L’occasion une fois de plus de ricaner : les « spécialistes » français étaient persuadés, eux, qu’il s’agissait d’un règlement de compte intérieur au régime syrien. (Y a-t-il au moins un seul point sur lequel la diplomatie française ne se soit pas trompée en Syrie ?)
Alternatively, he could have been a victim of a struggle for influence and access to corrupt wealth between rival members of the business elite linked to Assad’s ruling clan, Sarkozy’s adviser Boris Boillon told U.S. officials.
“When asked how he interpreted the killing, Boillon said several theories presented themselves, the only common denominator of which was internecine rivalry in the entourage close to Bashar al-Assad,” the cable said.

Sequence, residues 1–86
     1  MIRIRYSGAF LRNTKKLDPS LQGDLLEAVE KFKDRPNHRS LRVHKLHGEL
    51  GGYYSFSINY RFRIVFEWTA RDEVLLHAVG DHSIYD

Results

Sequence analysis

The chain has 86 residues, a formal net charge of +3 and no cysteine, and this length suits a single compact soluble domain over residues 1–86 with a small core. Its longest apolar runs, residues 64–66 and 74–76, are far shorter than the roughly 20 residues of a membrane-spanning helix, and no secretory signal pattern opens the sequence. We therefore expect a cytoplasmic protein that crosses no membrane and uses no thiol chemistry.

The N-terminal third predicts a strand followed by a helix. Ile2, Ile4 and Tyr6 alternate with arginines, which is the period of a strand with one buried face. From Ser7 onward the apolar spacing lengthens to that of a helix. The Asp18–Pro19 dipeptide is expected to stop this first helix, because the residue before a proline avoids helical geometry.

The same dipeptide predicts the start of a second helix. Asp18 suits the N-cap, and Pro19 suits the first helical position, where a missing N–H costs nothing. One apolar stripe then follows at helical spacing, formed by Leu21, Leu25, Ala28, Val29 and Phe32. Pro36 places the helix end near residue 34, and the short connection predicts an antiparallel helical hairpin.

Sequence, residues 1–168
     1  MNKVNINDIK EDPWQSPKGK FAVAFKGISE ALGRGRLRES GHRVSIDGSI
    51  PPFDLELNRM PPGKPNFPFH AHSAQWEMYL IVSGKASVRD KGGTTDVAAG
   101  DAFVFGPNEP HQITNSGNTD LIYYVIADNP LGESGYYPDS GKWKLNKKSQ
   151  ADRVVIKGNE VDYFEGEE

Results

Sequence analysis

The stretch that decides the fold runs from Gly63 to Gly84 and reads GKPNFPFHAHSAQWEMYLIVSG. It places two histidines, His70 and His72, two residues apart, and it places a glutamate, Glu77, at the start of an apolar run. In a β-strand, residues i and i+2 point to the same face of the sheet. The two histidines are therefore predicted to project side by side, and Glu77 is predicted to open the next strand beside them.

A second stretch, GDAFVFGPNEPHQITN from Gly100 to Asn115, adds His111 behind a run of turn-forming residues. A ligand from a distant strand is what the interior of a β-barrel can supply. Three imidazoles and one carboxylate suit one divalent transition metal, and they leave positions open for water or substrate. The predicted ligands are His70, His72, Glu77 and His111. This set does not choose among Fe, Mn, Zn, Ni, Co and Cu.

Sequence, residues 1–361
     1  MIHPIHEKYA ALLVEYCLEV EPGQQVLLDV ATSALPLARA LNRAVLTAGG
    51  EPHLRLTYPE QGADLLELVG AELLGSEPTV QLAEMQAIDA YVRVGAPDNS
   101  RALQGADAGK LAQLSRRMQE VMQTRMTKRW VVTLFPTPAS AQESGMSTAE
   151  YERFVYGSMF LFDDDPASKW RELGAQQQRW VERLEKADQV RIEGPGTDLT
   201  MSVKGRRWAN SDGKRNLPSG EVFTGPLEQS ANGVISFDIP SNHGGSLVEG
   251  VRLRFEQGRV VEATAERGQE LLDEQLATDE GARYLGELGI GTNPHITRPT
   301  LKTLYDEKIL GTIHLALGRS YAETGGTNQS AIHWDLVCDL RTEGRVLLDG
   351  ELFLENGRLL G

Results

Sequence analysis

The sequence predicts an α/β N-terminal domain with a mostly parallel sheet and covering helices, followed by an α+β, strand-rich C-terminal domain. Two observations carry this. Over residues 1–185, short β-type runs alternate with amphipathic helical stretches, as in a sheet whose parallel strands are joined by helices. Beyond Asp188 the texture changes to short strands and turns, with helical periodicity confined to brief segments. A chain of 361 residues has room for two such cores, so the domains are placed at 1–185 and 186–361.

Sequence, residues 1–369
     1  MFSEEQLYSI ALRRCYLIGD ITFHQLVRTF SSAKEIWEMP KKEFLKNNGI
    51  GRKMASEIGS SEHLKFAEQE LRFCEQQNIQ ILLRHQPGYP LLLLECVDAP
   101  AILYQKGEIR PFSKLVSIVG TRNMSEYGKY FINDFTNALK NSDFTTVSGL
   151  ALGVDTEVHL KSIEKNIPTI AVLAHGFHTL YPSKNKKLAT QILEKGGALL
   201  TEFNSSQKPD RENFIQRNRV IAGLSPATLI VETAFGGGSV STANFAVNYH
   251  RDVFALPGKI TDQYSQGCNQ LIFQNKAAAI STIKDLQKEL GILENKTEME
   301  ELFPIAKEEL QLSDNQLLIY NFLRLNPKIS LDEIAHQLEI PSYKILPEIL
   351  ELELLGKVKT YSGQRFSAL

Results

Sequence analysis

“He flatly rejected the notion that the Israelis had taken out Suleiman, particularly the theory that a sniper had shot him,” it continued
“French information was that the hit was more ’classic’ and ’mafia-like’ with police stopping traffic in the immediate vicinity, bodyguards looking the other way, and the assailant pumping a slug into Suleiman’s head.”
The official floated a theory the killing could have been ordered by Assad’s powerful brother, Maher al-Assad, a military commander and regime insider — sometimes referred to as the second most powerful man in Syria.
“Boillon described Maher as ambitious, a bit of a wild man, and determined to increase his power and influence within the inner circle,” the cable said.
The envoys said “Boillon’s rundown of the various theories sounded like he had recently read a finished French intelligence assessment of the situation.”
Ludovic Pouille, a senior Middle East expert at the French foreign ministry, was “less forthcoming” about his theories in a separate 2008 meeting with U.S. officials, but he agreed the killing looked like an inside job.